Maybe I can, maybe I can’t. But the job of Sales is to make demand elastic. Products don’t sell themselves. If they did, then we wouldn’t need Sales, would we?

Most products are list price elastic. Some products are particularly sensitive to key list price points. That is, your list price- demand function may well be stepped.

It is equally important to understand which of your products exhibit little or no elasticity. No point dropping list on those: if anything, quite the opposite.

Now, I am not saying that businesses are inelastic to the net price, but it is easier to manage pricing by:

  1. Making the list price do some of the work: are you in the right ball-park? Have you something new to tell the customer? Can you articulate your value to the customer? and
  2. Letting the discount do the remainder.

If you leave it all up to discounting, you’ll invariably end up with a problem controlling discounts and customer (dis)satisfaction due to inconsistent and unpredictable discounting.

And if you haven’t found those key list price points, then you better start looking before your competitors find them.

Part 7: “I don’t care what the list price is. I’ll make up for it with my discounting.”

Let’s work backwards from the objective that businesses in my view should be striving to attain: consistent and predictable outcomes. Pricing – with a capital P – needs to help businesses become more consistent and predictable. Let’s face it, no-one wants to have inconsistent and unpredictable business outcomes, least of all your board and investors.

A pre-requisite and immediate predecessor for consistent and predictable outcomes is consistent and predictable discounting. And working back from that, the only way to get consistent and predictable discounting is to have consistent and predictable list prices.

List prices do matter if you want efficient and effective pricing that is designed to produce consistent and predictable outcomes. As I said in Part 6, you cannot achieve this through discounting alone.

Part 8: If you want a broad lever for your business, then yes, list prices do matter …

List prices are the only quick and simple across-the-board price lever, and so, they become one of the only quick and simple across-the-board business levers. By the way, if an across-the board list price move isn’t quick and simple in your business, that’s something you need to fix asap.

Here are a few applications:

  • Mitigating industry-wide, adverse cost moves, and X-rate movements;
  • Controlling inter-regional price deltas;
  • Managing your channel pricing framework;
  • Managing product life cycles;
  • Measuring and managing overall competitiveness;
  • Signaling your intentions to customers, channel partners, Sales, competitors, industry analysts.

Part 9. List prices are the most timely, efficient and effective “forcing function” to improve sales performance.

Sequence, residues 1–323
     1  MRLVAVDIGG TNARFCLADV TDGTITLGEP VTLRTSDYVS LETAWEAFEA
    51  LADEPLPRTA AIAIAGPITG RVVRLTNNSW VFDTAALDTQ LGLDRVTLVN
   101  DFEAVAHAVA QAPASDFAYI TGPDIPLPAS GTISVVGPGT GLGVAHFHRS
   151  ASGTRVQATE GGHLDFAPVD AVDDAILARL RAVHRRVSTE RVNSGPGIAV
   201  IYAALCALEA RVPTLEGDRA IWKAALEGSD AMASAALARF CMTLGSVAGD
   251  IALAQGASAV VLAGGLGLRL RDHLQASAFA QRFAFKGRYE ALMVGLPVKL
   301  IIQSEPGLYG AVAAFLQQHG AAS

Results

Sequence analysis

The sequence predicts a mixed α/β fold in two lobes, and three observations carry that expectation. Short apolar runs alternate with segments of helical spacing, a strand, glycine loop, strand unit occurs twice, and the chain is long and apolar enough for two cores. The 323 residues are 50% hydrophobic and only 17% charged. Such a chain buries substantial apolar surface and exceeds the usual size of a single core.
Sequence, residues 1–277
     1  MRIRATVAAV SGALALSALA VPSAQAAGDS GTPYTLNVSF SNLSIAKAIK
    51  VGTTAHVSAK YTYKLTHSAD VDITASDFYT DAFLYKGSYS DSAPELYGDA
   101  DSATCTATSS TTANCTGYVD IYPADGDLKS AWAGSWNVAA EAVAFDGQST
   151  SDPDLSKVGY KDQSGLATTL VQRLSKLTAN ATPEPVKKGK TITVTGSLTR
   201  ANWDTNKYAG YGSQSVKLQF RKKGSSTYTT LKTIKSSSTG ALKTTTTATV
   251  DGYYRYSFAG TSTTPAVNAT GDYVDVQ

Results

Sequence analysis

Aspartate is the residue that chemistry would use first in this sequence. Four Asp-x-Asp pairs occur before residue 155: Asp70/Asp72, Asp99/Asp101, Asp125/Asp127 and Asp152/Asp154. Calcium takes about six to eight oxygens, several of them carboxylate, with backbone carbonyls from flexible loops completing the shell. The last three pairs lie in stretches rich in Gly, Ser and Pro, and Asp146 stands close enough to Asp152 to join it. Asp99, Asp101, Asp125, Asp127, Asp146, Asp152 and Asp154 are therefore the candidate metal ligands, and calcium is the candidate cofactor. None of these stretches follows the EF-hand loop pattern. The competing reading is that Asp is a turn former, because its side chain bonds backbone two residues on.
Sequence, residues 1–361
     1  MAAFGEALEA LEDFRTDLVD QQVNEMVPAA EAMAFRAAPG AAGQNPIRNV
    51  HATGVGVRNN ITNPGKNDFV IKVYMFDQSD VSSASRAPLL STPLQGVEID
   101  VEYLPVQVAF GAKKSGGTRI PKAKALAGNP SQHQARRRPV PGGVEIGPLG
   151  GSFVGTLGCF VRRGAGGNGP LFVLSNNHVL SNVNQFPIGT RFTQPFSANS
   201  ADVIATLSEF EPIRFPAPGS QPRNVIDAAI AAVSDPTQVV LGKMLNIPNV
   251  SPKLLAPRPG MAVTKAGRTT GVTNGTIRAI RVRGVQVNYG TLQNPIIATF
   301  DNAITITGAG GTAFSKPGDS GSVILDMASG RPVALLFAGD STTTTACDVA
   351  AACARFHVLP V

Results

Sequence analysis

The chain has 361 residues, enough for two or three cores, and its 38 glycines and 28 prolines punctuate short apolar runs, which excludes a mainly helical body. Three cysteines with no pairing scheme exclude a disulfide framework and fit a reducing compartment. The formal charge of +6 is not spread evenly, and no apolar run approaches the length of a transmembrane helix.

List prices can be used as a forcing function to make sales use their discounting dollars more efficiently and effectively. As the list price is lowered, it forces sales to:

  • sell more and make sure that demand is elastic,
  • get customers to trade up and discount less, or at least more consistently, or
  • all at the same time, otherwise they will not make their numbers.

This is very much the big stick approach, but in companies which do not have end- to-end pricing, this is often the only recourse that product groups which have control over the list prices/list price strategy, but not over the discounting, will have.

Part 10: The real question is why do Execs/Sales ask “Do List Prices Matter?” in the first place?

As is often the case with pricing, the answer to the question is often of secondary importance as to why the question was being asked in the first place. The question is a red flag which should be a trigger for you to listen extra carefully to find out what is actually the cause of the problem. They are probably obliquely flagging one or more the following:

  • They know that a list price reduction will reduce their discounting flexibility.
  • They don’t know how to sell price Increases.
  • Their sales target may have been set too high, or their revenue and margin targets may be out-of-balance.
  • They are thinking only about this quarter, and not even beginning to think about trying to set themselves up for success in the following quarter.
  • They would like you to leave them alone mainly because they intend to dig themselves out of hole they are in by themselves through discounting alone.
  • They are negotiating with you.

But while list prices are often not the problem, they are definitely part of the solution. The broader solution requires end-to-end pricing, where pricing can be the lead function to bring sales, marketing and finance together to create co- operative, frictionless and less stressful selling. And fewer rhetorical questions from Executives and Sales!